|Publication number||US5330400 A|
|Application number||US 08/052,102|
|Publication date||Jul 19, 1994|
|Filing date||Apr 22, 1993|
|Priority date||Apr 22, 1993|
|Publication number||052102, 08052102, US 5330400 A, US 5330400A, US-A-5330400, US5330400 A, US5330400A|
|Inventors||Joseph G. Huberman|
|Original Assignee||Huberman Joseph G|
|Export Citation||BiBTeX, EndNote, RefMan|
|Patent Citations (12), Non-Patent Citations (2), Referenced by (24), Classifications (7), Legal Events (2)|
|External Links: USPTO, USPTO Assignment, Espacenet|
1. Field of the Invention
This invention relates to climbing and play structures, and in particular relates to a rope and fabric network for children.
2. Description of the Related Art
Numerous climbing and play structures have been developed for children. Many of these are made of rigid materials. Such "Jungle Gym" structures made of pipe and other rigid materials exist in many forms and are popular with children. For example, the structure of U.S. Pat. No. 1,901,964 has a firepole in its center, the structure of U.S. Pat. No. 2,648,539 has a generally round form, and that of U.S. Pat. No. 2,886,317 is in the form of a turtle. Such structures may present a hazard because they are made of rigid materials. A child losing its grip on an upper bar may fall on to a lower rigid bar. Assembly may also be difficult.
Children's play structures may also enclose space having walls and platforms. See, for example, U.S. Pat. Nos. 3,931,941 and 3,925,941 which describe structures formed of surface sheets making up modules that enclose spaces. These modules can be interconnected to form multi-room houses, but do not provide climbing opportunities.
Ropes and rope-like materials have also been used in climbing and play structures. The device of Dillon (U.S. Pat. No. 3,008,711) consists of a rope grid forming an A-frame of rectangular planes and has a rope grid floor. The rope apparatus of Toman (U.S. Pat. No. 3,794,316) is a support for a gymnastic apparatus, and comprises a net that encloses and defines a climbing playspace for children. The network of Lehman (U.S. Pat. No. 3,970,301) has doubly-curved faces on an inner net projecting inward from an outer net in the form of polyhedral and polygonal curved edges and doubly-curved faces. The complex form of the double net system divides the inner space, and thus requires that the structure be quite large if children are to be able to move comfortably and not be entrapped.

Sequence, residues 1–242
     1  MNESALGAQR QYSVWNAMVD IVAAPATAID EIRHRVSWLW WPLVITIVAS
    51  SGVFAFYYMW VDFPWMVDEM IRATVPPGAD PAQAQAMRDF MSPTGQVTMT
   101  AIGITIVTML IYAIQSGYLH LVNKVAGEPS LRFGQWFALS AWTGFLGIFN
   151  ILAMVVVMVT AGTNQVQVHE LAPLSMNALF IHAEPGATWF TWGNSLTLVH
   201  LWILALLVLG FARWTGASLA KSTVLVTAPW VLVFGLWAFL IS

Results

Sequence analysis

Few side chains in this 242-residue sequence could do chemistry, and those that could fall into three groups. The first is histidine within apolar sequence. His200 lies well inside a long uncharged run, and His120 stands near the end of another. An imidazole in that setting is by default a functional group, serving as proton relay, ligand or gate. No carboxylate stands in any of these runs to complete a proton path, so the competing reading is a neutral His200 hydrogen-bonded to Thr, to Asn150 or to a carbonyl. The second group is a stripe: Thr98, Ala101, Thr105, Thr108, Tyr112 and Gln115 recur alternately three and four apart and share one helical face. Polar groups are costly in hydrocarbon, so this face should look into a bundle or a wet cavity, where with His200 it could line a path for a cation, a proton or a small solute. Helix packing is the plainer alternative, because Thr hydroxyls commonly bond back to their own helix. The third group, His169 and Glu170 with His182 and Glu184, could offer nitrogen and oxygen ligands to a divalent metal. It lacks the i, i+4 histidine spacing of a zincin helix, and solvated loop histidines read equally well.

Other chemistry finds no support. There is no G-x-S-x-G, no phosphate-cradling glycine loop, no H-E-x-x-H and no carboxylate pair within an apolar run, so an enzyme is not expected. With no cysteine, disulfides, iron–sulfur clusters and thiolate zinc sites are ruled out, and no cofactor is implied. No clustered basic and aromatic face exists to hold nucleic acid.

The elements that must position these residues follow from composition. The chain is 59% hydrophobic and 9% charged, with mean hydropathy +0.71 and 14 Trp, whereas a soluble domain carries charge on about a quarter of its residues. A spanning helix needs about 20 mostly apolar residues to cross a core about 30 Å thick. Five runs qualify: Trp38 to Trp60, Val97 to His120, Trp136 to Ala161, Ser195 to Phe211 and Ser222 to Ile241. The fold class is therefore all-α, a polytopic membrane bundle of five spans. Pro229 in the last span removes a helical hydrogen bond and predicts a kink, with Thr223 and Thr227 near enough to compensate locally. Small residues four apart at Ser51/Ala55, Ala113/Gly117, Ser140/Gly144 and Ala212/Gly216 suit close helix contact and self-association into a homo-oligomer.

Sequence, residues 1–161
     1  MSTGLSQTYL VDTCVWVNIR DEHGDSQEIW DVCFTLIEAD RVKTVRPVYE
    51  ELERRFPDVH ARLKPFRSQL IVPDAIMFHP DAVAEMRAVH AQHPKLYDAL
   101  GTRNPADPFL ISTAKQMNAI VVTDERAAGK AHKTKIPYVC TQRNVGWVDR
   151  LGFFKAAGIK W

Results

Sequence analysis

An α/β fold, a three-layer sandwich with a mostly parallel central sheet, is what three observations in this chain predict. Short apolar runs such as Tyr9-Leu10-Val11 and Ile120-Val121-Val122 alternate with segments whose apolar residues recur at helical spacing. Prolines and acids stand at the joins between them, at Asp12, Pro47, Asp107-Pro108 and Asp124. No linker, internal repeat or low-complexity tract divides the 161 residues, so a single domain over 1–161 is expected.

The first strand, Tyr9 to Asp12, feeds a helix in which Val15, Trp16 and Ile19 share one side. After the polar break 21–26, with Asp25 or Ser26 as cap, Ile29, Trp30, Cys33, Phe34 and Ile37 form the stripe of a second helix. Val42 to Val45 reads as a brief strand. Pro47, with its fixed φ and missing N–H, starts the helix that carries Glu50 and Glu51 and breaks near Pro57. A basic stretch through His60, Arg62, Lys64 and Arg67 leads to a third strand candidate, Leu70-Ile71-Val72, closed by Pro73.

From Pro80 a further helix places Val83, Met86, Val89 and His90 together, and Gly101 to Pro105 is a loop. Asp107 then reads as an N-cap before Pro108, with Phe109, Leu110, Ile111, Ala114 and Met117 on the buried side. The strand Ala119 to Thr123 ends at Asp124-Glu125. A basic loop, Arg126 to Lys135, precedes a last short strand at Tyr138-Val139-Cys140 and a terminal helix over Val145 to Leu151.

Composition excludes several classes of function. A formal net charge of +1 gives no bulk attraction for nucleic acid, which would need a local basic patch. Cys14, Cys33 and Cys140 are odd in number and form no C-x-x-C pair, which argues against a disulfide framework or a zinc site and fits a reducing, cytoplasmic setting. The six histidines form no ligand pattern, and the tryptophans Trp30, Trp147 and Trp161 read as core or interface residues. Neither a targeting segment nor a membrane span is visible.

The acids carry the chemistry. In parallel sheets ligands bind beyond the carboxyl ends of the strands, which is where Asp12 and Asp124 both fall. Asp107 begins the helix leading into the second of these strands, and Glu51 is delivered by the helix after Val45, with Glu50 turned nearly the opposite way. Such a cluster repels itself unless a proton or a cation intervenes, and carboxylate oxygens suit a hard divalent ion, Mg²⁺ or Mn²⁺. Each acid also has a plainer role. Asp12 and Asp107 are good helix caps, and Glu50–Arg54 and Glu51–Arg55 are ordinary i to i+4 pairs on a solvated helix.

It is therefore an object of this invention to provide a climbing and play structure which has multiple net surfaces but has an open space in the interior which is free from structural ropes. This provides space for play, and allows the structure to be constructed to fit in small spaces.
It is a further object of this invention to provide a climbing and play structure which is sturdy, but does not have inner rigid members.
It is a further object of this invention to provide a climbing and play structure which is composed of flexible tension members and which can be easily assembled.
It is a further object of this invention to provide a climbing and play structure which includes both rope climbing members and planar surfaces.
Other objects and advantages will be more fully apparent from the following disclosure and appended claims.
The climbing and play structure of the invention comprises a rigid polyhedral support structure, preferably a tetrahedron, constructed of rigid compressive members. The polyhedral structure acts as an exterior support for inner networks of primary and secondary tensile members which are comprised of rope-like materials, and for flexible planar surfaces which may be within and on the surface of the structure. The structure thus provides climbing and bouncing opportunities for children.
Other aspects and features of the invention will be more fully apparent from the following disclosure and appended claims.
FIG. 1 is a perspective view of the present invention.
FIG. 2 is a perspective view of the compressive beams and primary inner network of a tetrahedral structure of the preferred embodiment of the invention.
FIG. 3 is a perspective view of the tetrahedral structure of FIG. 1 without horizontal compressive beams.
FIG. 4 is a top plan view of the upper end of joined sloping compressive beams of the structure of FIGS. 1-3.
FIG. 5 is a fragmentary perspective view of the lower end of joined sloping compressive beams of the structure of FIG. 2.
FIG. 6 is a side elevation view of a turnbuckle tension adjustment mechanism for primary tensile members.
FIG. 7 is a perspective view of a spider web form of secondary tensile members which may be used on the face of a primary inner network.